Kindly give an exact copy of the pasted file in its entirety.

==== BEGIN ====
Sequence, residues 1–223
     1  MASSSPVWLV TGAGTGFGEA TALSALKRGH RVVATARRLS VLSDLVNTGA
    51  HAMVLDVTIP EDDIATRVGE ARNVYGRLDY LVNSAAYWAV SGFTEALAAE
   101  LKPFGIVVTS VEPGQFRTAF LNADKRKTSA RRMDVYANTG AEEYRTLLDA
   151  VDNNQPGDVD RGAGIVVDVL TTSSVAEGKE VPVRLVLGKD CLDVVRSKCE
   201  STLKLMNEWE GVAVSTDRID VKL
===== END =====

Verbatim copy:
Sequence, residues 1–223
     1  MASSSPVWLV TGAGTGFGEA TALSALKRGH RVVATARRLS VLSDLVNTGA
    51  HAMVLDVTIP EDDIATRVGE ARNVYGRLDY LVNSAAYWAV SGFTEALAAE
   101  LKPFGIVVTS VEPGQFRTAF LNADKRKTSA RRMDVYANTG AEEYRTLLDA
   151  VDNNQPGDVD RGAGIVVDVL TTSSVAEGKE VPVRLVLGKD CLDVVRSKCE
   201  STLKLMNEWE GVAVSTDRID VKL